Nytt

Fire kristne briter har anlagt sak mot den britiske regjeringen i Den europeiske menneskerettighetsdomstolen (EMD). De fire mener seg diskriminert på grunn av sin kristne tro, og saken skal høres i EMD i dag.

Saksøkerne er Shirley Chaplin, som sluttet etter 30 år som sykepleier fordi hun følte seg tvunget til å velge mellom jobben og sin kristne tro da den offentlige helsetjenesten ba henne fjerne et krusifiks hun hadde hatt rundt halsen siden hun var 16. Til tross for at Chaplin hadde båret krusifikset i tre tiår uten klager, ble sølvanhenget klassifisert som en helse- og sikkerhetsrisiko og da hun nektet å ta det av, ble hun fjernet fra all pasientkontakt og satt til å gjøre administrative oppgaver. Saksøker nummer to er Nadia Eweida, som ble nektet av arbeidsgiveren British Airways — som for øvrig tillater ansatte å bruke hijab — å bære et kors rundt halsen.

Gary McFarlane er en samlivsrådgiver som fikk sparken fordi han uttalte at han kanskje ikke ville følse seg komfortabel med å gi sexterapi til homofile par, mens Lilian Ladele ble disiplinert av bystyret i Islington for å ha nektet å utføre partnerskapsseremonier for homofile par.

– Jeg er ikke ute etter å starte en revolusjon. Jeg er en veldig ordinær person med tro – og jeg mener at tro blir underminert i dette landet, sier Chaplin til The Telegraph i sakens anledning.

On the day in 2009 when she was told by a senior matron to remove the crucifix, “because it was a piece of jewellery”, Mrs Chaplin protested, explaining that it was a token of her faith. She says: “To me it is like a wedding band — I had agreed to devote my life to my faith, and this was the outward sign of it. I couldn’t just take it off.”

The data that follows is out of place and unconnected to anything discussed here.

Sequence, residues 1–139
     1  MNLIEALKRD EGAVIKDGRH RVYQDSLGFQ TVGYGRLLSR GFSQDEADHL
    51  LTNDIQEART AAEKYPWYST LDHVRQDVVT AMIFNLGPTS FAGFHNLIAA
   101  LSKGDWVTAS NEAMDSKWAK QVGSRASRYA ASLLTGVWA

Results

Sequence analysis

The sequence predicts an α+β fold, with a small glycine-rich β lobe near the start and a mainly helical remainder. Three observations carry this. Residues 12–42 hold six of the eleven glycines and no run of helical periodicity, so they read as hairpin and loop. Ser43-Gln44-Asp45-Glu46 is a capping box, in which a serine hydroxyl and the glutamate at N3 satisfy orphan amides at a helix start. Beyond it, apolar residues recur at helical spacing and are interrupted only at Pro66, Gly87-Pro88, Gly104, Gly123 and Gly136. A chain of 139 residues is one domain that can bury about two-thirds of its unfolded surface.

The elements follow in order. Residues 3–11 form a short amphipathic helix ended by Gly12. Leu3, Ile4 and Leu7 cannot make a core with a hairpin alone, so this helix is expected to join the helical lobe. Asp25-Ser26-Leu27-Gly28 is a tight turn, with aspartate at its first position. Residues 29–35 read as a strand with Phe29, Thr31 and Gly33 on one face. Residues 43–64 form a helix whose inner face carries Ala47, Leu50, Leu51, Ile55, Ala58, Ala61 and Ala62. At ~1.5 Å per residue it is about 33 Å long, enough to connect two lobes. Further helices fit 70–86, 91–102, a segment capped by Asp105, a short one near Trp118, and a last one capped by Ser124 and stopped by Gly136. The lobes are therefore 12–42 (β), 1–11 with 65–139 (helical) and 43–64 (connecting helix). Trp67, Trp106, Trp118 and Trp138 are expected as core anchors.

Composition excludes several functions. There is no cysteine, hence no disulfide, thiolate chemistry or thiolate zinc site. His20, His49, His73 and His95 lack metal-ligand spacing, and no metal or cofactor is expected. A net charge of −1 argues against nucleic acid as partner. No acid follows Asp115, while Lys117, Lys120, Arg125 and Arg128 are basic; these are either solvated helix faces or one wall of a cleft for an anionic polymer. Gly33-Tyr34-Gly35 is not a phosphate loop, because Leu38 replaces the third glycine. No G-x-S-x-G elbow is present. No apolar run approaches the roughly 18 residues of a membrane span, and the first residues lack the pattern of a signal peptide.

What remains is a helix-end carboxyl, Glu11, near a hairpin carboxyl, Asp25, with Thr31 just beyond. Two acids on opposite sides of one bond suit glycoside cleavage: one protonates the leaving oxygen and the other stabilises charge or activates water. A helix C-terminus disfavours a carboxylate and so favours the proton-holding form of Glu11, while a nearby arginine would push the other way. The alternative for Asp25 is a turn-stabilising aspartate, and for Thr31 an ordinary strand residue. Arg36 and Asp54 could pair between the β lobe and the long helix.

She was summoned to a meeting, the first of many.

Managers insisted that wearing the symbol contravened the uniform policy, and said she should instead place it in her pocket.

“They just didn’t get it,” she says. “The idea that I should be embarrassed by my faith, that I should be ashamed and hide it away? I wasn’t prepared to do that.”

When Mrs Chaplin pointed to a clause in the policy that said exceptions could be made for faith, the trust insisted the chain posed a health and safety risk, arguing that a disturbed patient could grab it and do her harm. She offered to use a magnetic clasp, which would open in such an event, but trust managers were not interested, she says.

After several warnings, she was moved to an administrative role. “I felt like a naughty child,” she says, and felt particularly upset by how senior nurses and managers then seemed to perceive her.

“I had devoted 30 years to nursing, I had thought I was respected. But in their eyes, I was not a professional nurse: now I was a nuisance, a trouble-maker. They actually saw me as a danger to patients,” she says, shaking her head in despair.

It felt like a test of her beliefs, which she had always held quietly, not being one to impose her views on others.

Det kristne juridiske senter støttet Chaplin i en rettssak mot arbeidsgiveren. Chaplin tapte og sluttet umiddelbart i jobben, men valgte å ta saken videre til EMD:

“My husband said to me: ‘If you start this journey you have to be prepared to go all the way.’ ”

Did she have any idea then where that could take her? She roars with laughter. “No, I had no idea.”

It is, in fact, taking her to Strasbourg, as one of four Christians united in the belief that Britain is failing to protect their right to faith. On Tuesday they will appeal against their treatment, before returning home to await a court judgment several weeks later.

They claim that British laws have failed to uphold their freedom of religion under the European Convention on Human Rights nor protected them from discrimination.